Unfortunately, this narrative is entirely disconnected from the chunks of gameplay that it engulfs. For a game mode that was promoted with the tagline “Be the story.”, “Livin’ Da Dream” places a very narrow definition on who does and does not belong as its star. Player characters will be branded as basketball phenoms and sure-fire NBA stars in cutscenes and in-game commentary, despite starting their rookie seasons with a worst-in-the-league-by-far 55 overall rating and regardless of how well players actually play. Irrespective of the names they select for their characters, they will be referred to as “Frequency Vibrations” – a cringe-inducing nickname with an even more cringe-inducing plot justification. Despite these gripes, the lack of player agency in shaping the narrative comes as the mode’s biggest disappointment, as there are moments in the story where the created protagonist is tasked with tough, nuanced choices and the most that players can do is twiddle their thumbs during the cutscenes that resolve these issues.

After this introductory campaign, the second season of MyCAREER begins, largely ignoring Lee’s narrative outside of occasional nods to its characters and events coming up during in-game commentary and press conferences. With this in mind, there was no reason for this narrative to not be optional or separate from MyCAREER. A large part of the appeal of character creation is the ability to role-play or insert one’s self into a universe with agency, and the remainder of MyCAREER does well with this, enabling players to choose what endorsement deals they take, how they respond to press questions, where they wind up playing, and which other NBA figures they associate with. While Lee’s story is well-told, its mere existence limits the ability of players to, funnily enough, “be the story.”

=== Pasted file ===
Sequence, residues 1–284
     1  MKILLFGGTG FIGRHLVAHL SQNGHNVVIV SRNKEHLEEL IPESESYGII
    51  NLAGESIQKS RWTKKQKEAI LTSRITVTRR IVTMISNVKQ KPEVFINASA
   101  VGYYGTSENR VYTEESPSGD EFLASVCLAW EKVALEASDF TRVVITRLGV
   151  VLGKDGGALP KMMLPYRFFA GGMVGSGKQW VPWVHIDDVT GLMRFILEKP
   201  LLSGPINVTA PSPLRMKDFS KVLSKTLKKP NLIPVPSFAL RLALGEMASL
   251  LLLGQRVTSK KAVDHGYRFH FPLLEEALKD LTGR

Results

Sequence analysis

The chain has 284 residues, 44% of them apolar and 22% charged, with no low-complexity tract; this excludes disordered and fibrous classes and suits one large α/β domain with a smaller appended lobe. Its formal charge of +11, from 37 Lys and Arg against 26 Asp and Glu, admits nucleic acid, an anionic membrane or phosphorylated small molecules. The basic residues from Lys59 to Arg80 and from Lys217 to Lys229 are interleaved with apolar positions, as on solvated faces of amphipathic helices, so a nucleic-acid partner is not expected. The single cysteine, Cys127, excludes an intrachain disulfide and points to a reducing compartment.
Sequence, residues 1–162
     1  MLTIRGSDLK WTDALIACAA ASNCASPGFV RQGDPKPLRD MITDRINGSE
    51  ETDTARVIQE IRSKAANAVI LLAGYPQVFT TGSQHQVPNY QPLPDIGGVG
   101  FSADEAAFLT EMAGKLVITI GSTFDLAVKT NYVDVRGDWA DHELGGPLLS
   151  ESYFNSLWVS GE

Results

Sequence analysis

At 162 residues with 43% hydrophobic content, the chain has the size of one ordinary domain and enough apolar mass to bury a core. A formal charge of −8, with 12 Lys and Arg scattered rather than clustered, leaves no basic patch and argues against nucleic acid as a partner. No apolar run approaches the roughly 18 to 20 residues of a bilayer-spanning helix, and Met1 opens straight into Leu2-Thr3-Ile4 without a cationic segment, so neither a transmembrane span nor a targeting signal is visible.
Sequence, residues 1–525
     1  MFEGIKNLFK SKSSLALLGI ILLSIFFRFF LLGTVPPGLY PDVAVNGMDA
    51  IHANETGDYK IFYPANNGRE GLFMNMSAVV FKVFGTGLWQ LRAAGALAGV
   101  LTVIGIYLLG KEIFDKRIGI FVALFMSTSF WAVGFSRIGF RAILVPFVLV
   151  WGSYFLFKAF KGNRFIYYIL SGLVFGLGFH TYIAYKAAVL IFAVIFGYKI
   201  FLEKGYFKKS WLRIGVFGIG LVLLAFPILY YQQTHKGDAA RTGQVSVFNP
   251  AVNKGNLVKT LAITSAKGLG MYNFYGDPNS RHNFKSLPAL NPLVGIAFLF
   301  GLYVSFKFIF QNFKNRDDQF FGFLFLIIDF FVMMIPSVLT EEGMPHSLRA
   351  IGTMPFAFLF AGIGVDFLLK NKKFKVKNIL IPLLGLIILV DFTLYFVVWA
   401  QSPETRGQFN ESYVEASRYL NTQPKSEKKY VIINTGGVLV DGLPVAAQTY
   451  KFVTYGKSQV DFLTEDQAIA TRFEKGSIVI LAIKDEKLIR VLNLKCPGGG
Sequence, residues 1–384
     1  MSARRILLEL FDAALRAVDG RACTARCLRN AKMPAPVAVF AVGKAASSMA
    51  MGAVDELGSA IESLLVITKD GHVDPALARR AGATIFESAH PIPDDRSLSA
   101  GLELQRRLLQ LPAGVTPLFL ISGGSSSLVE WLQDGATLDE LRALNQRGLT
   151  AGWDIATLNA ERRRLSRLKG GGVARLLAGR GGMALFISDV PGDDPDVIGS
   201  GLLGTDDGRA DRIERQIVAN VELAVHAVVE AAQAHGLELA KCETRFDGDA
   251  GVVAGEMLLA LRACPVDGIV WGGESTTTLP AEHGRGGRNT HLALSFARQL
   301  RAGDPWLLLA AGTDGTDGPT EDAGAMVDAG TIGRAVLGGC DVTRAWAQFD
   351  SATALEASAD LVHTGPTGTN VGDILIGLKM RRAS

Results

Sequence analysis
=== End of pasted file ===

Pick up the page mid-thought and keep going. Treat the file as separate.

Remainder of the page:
Players can also take their custom characters online in MyPARK, a mode in which players play two-on-two, three-on-three, and five-on-five street basketball against each other on the courts of one of three virtual parks, and 2K Pro-Am, in which ten players play five on five basketball against each other, with the ability to form teams with custom jerseys, logos, and arenas. Unlike 2K15, finding a match in MyPARK on the PC version rarely took more than a handful of minutes and the courts were reasonably full. When people were willing to share the ball and make plays for their team-mates, both modes were enjoyable, having the same rock solid mechanics as the core game. When people tried to go the aforementioned basketball Rambo, things got more frustrating than fun. On the technical side, I noticed occasional input lag in both modes, but not enough to be game breaking.

Other game modes are fairly stronger

Created characters also star in MyGM, a mode in which players take on the general manager position for their choice of NBA franchise and must keep the team’s owner, players, coaches, beat writers, staff, and fans happy, while simultaneously trying to win games. In this mode, players are responsible for scouting and drafting rookies, making trades and free agent signings, extending player contracts, handling coaching and training decisions, hiring and firing staff, and responding to concerns from various members of the organization about these choices. New to 2K16, every staff member has his own preferences for the way he wants the team to develop and play. The new “Team Style” is the combination of these preferences between all of a team’s staff members. This means that teams will now value players differently based on how well they fit into their organization, vastly improving the realism of the mode’s trade logic. Also new to 2K16’s MyGM is the ability to re-brand and relocate an NBA franchise, giving players the same ability to make custom jerseys, logos, team names, and courts as the 2K Pro-Am mode.